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Supreme Decision

Posted by on Jun 1, 2009 in Confirmation, Conservatism, President Obama, Sotomayor, Supreme Court, White House | 0 comments


Is Judge Sotomayor the right pick for the U.S. Supreme Court?  I haven’t decided yet, since there are so many of her viewpoints, prior decisions and policy stances to consider.  Is she a conservative, probably not.  Did she really save baseball?  Maybe so.  But with all of these things to consider, let’s hope the U.S. Senate Judiciary Committee does not cave to pressure from the White House to quickly confirm the judge.  

There are almost four months standing between this point in time and the start of the Supreme Court’s next session in October, 2009.  That provides plenty of time to allow the Senate, and America, to really look at Judge Sotomayor’s background and experience.  If the judge can explain some of her positions that are problematic to conservatives, let’s allow time for an explanation and full consideration of her views prior to a confirmation vote.  
For example, I am very interested in hearing her explanation as to why a white male judge is not qualified to objectively decide a discrimination matter.  I am also interested in hearing the judge’s explanation for her videotaped statement where she implied her endorsement to judge made law and social policy.  
Are the Democrats entitled to appoint a probable left leaning judge based on the 2008 election results?  Absolutely.  Are they entitled to quick Senate confirmation, devoid of considered study of a judge’s prior decisions, policy preferences and overall judicial philosophy?  Absolutely not.
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Justice and Bipartisanship

Posted by on May 7, 2009 in Bipartisanship, Conservatism, Obama, Supreme Court | 0 comments

With the looming retirement of U.S. Supreme Court Justice Souter, President Obama has another opportunity to court true bipartisanship.  (no pun intended)  The detractors to bipartisanship will say that the Democrats won the 2008 Presidential election, and to the victor, the spoils.  Indeed.  The victory certainly provides President Obama the right to nominate whomever he chooses.  But there remain two important considerations, among others.  

First, the next U.S. Supreme Court nominee will need to pass scrutiny in the Senate.  The Democrats control the Senate, and have an even stronger influence on the Senate Judiciary Committee with the addition of Arlen Specter to the party.  However, Supreme Court nominations are closely watched and heartily debated on both sides of the political spectrum.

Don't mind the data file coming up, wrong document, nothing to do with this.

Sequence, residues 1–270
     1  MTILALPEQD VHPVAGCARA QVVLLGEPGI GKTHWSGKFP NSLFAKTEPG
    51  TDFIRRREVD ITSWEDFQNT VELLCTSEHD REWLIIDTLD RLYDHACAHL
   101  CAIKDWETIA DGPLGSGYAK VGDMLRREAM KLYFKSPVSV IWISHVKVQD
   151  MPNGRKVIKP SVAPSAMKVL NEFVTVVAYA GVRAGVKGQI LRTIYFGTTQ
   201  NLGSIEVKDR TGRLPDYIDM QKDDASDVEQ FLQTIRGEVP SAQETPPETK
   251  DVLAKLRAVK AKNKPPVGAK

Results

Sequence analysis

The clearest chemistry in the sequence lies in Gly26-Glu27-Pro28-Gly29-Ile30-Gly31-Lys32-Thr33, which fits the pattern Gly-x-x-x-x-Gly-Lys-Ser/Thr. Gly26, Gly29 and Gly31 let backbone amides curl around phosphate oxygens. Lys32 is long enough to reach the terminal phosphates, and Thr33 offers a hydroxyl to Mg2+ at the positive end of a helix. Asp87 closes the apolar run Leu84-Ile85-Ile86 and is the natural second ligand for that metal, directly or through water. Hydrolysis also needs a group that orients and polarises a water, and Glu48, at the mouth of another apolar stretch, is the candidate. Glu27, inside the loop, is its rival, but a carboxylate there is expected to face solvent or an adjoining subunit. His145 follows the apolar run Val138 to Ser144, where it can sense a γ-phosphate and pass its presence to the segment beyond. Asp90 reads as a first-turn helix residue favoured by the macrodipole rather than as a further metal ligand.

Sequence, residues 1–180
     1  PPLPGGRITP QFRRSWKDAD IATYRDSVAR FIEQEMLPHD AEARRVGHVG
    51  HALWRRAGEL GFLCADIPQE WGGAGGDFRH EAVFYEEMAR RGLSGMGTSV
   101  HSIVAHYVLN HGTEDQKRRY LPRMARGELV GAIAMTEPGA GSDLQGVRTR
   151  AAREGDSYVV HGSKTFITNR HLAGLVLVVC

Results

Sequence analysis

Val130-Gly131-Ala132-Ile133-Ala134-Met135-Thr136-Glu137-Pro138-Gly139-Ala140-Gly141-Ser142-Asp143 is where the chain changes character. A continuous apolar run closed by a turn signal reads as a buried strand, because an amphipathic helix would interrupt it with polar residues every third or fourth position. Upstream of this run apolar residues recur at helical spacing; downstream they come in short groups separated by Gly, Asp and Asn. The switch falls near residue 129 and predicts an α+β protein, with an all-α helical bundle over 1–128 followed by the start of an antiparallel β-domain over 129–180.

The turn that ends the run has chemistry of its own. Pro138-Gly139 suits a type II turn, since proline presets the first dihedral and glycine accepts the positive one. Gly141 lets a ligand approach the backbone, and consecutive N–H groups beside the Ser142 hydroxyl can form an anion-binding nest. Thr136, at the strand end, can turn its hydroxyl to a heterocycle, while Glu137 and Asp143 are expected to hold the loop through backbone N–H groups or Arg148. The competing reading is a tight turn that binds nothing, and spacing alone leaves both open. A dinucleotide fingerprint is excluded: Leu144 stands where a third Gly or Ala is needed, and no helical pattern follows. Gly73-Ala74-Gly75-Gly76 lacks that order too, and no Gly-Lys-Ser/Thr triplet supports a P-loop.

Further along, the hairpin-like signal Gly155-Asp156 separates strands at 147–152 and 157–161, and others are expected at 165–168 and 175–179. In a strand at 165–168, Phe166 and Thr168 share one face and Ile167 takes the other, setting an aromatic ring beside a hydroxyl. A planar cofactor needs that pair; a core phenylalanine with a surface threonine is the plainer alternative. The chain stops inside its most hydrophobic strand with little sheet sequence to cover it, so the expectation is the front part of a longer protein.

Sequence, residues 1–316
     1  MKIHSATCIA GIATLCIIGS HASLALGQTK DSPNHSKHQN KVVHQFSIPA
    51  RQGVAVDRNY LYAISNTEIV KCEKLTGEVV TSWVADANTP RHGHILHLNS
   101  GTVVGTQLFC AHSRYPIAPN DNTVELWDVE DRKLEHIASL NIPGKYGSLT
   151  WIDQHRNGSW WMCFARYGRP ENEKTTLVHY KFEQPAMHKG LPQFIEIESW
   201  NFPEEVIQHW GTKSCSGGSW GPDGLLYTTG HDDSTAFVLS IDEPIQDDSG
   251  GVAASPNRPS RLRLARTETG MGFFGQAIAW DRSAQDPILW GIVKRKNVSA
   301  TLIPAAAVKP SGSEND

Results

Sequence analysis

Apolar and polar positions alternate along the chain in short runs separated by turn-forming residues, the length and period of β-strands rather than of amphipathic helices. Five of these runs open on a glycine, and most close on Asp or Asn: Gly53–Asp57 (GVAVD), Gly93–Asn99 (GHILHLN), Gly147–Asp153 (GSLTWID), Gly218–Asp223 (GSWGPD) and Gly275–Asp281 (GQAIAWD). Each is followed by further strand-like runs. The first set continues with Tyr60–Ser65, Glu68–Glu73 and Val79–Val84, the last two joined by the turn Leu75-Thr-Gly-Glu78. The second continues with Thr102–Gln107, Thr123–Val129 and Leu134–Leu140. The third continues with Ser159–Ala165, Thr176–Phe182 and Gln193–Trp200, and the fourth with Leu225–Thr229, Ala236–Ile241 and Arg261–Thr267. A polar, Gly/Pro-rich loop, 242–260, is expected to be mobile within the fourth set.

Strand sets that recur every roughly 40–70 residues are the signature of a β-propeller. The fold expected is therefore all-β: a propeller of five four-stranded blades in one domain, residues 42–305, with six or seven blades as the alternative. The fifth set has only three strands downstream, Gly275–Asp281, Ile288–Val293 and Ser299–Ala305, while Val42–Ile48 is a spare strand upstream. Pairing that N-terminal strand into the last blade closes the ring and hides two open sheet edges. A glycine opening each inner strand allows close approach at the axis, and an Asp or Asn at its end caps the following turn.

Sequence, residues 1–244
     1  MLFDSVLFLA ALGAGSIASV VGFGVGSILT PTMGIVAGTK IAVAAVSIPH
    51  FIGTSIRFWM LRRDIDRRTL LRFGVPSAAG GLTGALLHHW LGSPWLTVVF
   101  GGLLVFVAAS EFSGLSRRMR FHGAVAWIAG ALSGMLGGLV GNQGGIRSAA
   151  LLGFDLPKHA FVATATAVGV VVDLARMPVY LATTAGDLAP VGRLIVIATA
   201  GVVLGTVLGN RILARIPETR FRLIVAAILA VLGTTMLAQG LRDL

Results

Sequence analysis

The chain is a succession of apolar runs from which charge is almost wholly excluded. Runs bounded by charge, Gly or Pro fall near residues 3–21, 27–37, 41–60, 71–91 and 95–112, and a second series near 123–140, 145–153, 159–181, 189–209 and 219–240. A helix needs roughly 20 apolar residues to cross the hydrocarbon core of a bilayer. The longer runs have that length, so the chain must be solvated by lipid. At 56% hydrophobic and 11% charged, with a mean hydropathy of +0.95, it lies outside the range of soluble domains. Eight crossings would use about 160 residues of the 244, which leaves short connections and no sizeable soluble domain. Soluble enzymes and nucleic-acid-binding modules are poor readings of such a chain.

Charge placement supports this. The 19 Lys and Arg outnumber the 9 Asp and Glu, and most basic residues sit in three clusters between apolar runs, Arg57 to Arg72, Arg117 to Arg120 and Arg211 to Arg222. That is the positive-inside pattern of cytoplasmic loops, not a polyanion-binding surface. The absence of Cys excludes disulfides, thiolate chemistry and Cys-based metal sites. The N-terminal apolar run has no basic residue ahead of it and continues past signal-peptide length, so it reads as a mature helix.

Second, if President Obama stifles conservative input on the nomination and confirmation process, bipartisanship will be proven a mirage.  This will have a negative impact on public opinion and involve some political capital cost to the President.  Especially if the issue provides the Republicans with additional ammunition to chip away at the Democrat majority in 2010.
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Winning the War on Terror With the CIA

Posted by on Apr 28, 2009 in CIA, Conservatism, Democrats, Interrogation, President Obama, War on Terror | 0 comments

Why are the Democrats (and some Republicans) creating a straw man over the CIA interrogation methods?  Is it because they believe that captured suspected terrorists or terrorist sympathizers deserve treatment in accord with the Geneva Conventions?  That does not seem to be the case.  The reason, I submit, is because they want to deflect attention away from President Obama learning his foreign policy on-the-job.  
Has President Obama’s policy of engagement brought Iran or North Korea to the negotiating table to stop their nuclear programs?  No.  Has he been able to get the Russians to tone down their nationalistic sabre rattling over the issue of former Soviet satellites entering NATO?  No; instead he allowed the Russians to pin nuclear warhead reduction talks to a dismantling of the U.S. European missile shield.  
But don’t worry about those issues.  Instead, concentrate on the perceived sins of the past committed by those working on the intelligence fronts in the War on Terror.  Let’s judge the methods used in the successful effort to stop attacks against America from the safe armchair of hindsight.  

Entertaining the straw man created by the left leads to an unavoidable problem.  The problem is that the Democrats knew of the CIA interrogation methods well before such knowledge was politically convenient.  So the straw man could be knocked down in both directions, harming those who created it, as well as those who simply worked to win the War on Terror.  

The Wall Street Journal had a great Op-Ed piece regarding the political amnesia issue.  Check it out.